Norwich Free Academy
12:43 PM EST, March 8, 2012
Norwich Free Academy is one of two high schools in the United States to have a museum on its campus. The museum, which was donated to NFA in 1886, has given thousands of students as well as community members a little culture that is typically experienced in the "big city."
The Museum Curator, MaryAnn Hall, has spent most of her life working at the museum.
"The museum was funded by William Slater, the son of John Fox Slater, who at the time was a Corporator of the Norwich Free Academy. William not only paid for the building, but he financed the acquisition and installation of the cast collection," says Hall.
The exhibits consist of a cast collection of Greek, Roman, and Renaissance art, African art, Asian culture, and a variety of colonial American art.
"First and foremost our cast collection of the worlds greatest sculptures make it possible for people to see objects that they could otherwise have to travel thousands of miles to see. Also they can come to the museum to see fine and decorative art representing 350 years of Norwich history," says Slater museum director, Vivian Zoe.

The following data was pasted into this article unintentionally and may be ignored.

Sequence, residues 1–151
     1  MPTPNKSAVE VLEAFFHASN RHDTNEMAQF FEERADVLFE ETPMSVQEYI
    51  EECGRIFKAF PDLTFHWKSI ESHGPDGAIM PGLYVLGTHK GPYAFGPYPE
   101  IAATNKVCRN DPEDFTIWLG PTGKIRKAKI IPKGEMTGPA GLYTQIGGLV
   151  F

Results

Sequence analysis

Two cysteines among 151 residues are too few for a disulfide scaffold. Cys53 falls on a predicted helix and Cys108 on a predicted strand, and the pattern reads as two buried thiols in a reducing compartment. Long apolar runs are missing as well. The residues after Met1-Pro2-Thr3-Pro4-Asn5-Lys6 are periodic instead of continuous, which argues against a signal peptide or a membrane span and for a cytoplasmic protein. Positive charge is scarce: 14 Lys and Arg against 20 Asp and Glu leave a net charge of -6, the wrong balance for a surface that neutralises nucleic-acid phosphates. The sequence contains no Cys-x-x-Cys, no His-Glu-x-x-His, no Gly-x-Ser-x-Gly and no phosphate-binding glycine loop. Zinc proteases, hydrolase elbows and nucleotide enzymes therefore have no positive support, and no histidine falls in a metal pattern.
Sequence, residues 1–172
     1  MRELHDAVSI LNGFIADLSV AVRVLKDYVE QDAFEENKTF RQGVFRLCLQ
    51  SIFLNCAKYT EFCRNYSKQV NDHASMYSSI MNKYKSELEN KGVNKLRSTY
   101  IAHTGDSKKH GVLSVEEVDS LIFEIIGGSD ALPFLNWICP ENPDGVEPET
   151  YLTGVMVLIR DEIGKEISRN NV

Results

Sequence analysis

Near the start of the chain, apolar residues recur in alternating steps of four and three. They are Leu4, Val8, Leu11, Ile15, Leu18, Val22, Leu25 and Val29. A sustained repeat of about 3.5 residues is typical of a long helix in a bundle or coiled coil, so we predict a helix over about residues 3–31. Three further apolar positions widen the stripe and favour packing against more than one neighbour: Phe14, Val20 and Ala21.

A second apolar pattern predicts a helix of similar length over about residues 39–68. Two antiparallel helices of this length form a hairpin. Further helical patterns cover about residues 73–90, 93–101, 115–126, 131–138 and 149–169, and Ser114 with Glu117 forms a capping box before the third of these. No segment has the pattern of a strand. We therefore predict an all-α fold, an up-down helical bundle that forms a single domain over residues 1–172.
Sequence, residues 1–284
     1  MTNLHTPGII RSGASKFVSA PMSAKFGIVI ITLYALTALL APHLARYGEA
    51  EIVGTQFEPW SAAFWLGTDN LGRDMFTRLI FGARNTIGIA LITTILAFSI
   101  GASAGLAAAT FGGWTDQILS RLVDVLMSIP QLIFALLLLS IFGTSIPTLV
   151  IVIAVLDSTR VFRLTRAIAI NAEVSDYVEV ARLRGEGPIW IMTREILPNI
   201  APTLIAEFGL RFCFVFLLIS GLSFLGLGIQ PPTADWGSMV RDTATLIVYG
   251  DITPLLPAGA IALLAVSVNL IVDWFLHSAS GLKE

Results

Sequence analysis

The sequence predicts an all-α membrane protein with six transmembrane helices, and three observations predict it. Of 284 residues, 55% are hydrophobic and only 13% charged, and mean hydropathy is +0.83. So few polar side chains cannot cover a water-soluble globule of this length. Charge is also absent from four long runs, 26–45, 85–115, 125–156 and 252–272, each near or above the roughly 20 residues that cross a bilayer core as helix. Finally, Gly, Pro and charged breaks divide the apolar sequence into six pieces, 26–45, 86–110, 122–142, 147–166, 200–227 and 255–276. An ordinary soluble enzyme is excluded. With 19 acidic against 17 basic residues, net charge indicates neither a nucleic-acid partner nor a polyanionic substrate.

Local teachers as well as NFA's own use Slater Memorial Museum to bring the curriculum alive for such subjects as English, History, and Art. NFA English teacher, Ellen Cavanaugh uses the museum for writing purposes.
"The kids don't have to sit in a classroom and sort of learn within a vacuum. They are able to go out and make learning more tangible. The students would rather go out and look at a piece of art work and write about it, rather than just come up with an idea in their head and have to inspire themselves," says Cavanaugh.
The Slater Museum exhibits have provided many people hands on learning for the past 126 years. "Slater gives us the chance to really be "in" the physical world of the ancient Greeks and Romans. We can draw, write, and think about the ideas of the characters depicted in the statues. For example, in Latin 4 we read Vergil's description of the story of Laocoon, a priest in the Trojan War. We go to the museum and study the statue of Laocoon and his sons as they are killed by Apollo's sea serpents," says Latin and Ancient Greek professor Nina Barclay.
With the newly built atrium, the museum is finally handicap accessible for all people. The Slater Museum is open to the community on Tuesdays thru Fridays from 9am to 4pm and on Saturdays and Sundays from 1-4pm. For guided tours, calls can be made to Mrs. Hall at (860) 925-5562.